Dover's Woodman Museum celebrates 100 yearsBy KIMBERLEY HAAS
Union Leader Correspondent May 01. 2016 11:54PM
DOVER — The Woodman Institute Museum, home of the only remaining Colonial-era garrison house in New Hampshire, is celebrating its 100th anniversary this year.
In 1915, Annie Woodman bequeathed $100,000 to create an institution in Dover that would promote the study of local and natural history, as well as art. Hearing the news, Ellen Rounds had four men and a horse move the William Damm garrison house from Back River Road to Central Avenue, where trustees also acquired the homes of Charles Woodman and John Parker Hale. Since its opening in 1916, the museum has grown exponentially due to the donations of individuals and organizations who want to share their precious items with the public.
On Wednesday, longtime curator Thom Hindle showed off the museum’s treasures in The Woodman House, which include a lectern Abraham Lincoln used to give a two-hour campaign speech at Dover City Hall on March 2, 1860, many species of animals preserved by the art of taxidermy, firearms from as far back as the Civil War and a mineral exhibit with state-of-the-art, black-light technology.
Hindle remembers coming to the museum as a child, and sitting on the floor, checking out all of the display cases close-up. Today, he watches as the next generation does the same.
And it’s not just children who are fascinated by the variety of artifacts.
“We have this WOW factor, the Woodman Offers Wonders. We get so many ‘wows.’ They look at the Garrison House when we open the gate and ‘wow.’ They go upstairs and, ‘wow,’” Hindle said. “Throughout the whole museum, that’s what we hear. People have no idea what to expect, and when they get here they just could not imagine it. They leave with their heads just full of ‘wows. This is incredible.’”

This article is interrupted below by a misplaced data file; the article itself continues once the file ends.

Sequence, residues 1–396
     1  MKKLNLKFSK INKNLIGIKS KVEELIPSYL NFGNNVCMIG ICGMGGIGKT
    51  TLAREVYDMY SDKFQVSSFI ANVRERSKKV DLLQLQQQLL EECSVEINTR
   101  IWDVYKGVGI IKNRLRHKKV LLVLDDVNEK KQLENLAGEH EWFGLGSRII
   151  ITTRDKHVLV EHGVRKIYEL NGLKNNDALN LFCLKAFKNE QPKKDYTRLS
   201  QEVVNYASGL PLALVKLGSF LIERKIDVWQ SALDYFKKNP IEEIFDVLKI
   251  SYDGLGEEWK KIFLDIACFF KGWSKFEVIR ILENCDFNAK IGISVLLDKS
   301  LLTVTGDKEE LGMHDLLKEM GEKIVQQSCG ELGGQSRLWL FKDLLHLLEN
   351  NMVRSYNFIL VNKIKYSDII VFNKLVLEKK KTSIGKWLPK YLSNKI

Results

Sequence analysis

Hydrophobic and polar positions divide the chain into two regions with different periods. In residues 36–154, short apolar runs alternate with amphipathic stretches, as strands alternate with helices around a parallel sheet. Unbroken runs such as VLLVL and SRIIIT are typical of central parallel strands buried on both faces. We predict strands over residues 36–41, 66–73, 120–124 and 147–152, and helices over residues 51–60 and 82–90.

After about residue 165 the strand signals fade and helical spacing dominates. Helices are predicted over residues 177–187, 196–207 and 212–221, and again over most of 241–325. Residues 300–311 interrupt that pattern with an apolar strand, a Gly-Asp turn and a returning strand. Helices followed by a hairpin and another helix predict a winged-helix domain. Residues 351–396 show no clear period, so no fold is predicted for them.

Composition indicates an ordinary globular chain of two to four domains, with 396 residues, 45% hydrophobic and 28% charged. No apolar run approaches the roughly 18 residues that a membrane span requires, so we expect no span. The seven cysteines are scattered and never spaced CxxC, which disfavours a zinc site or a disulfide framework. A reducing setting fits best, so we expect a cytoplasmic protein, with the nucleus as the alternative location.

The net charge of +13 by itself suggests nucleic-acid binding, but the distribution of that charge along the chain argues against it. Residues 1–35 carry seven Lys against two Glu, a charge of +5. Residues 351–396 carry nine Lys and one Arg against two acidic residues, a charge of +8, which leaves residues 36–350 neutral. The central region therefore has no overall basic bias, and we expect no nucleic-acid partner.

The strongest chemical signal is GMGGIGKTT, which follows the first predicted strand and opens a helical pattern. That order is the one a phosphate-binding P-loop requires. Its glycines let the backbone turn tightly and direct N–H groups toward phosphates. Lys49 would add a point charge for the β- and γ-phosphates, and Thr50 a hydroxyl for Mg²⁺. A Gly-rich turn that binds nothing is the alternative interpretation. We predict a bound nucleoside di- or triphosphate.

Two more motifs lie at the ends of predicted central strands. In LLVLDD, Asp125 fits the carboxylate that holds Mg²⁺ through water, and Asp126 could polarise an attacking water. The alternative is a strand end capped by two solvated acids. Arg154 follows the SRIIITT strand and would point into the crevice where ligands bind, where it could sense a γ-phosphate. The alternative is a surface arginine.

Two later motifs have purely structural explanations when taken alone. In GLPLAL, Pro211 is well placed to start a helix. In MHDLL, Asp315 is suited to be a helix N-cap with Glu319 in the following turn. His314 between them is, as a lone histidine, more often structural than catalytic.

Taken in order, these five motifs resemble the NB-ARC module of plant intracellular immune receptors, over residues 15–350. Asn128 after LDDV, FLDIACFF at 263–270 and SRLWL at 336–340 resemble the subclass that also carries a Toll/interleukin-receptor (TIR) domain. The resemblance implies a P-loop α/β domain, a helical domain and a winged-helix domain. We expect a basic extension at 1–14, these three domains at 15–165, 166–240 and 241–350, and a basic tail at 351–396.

Hindle said part of the fun of his job is taking in what people donate, which can be letters from a soldier one day, and an animal that was preserved another day. The animal collection includes the last cougar ever killed in New Hampshire — which was shot in Lee in 1853 — and a 10-foot polar bear killed by a Dover man near the Siberian coast in 1969.
The museum now owns four buildings. In the Damm house, built in 1675, there are over 800 items which illustrate what life was like in Colonial days.
Next door, in The Hale House, there are 40 glass cases which contain hundreds of items relating to Dover and the surrounding area.
Upstairs, there is a desk used by Andrew Peirce, Dover’s first mayor, in 1856, and a table where Rev. Jeremy Belknap wrote “A History of New Hampshire,” which was published in three volumes between 1784 and 1792. The work is considered to be the first modern history written by an American.
The Keefe House was purchased by the museum in 2006, and now houses an art gallery. Executive Director Wes LaFountain said he naturally gravitates to the artwork because of his background, and happily showed off black and white photos, which were painted to give them color before color photography was an available technology.
LaFountain, who worked in museums in Portland, Maine, and the University of New Hampshire, said lighting was specifically placed in the house to highlight pieces hanging on the walls, which adds to the displays.
“It presents art very well, in this whole house, really,” LaFountain said.
Groups can rent out The Keefe House for functions and gatherings, LaFountain said. Work is being done throughout the property to make the museum handicap accessible.
Trustee Dennis Ciotti said there will be events to celebrate the centennial anniversary throughout the summer. One of the major events will be a gala on July 23, held on the museum grounds, located at 182 Central Ave.
For more information, go to www.woodmaninstitutemuseum.org.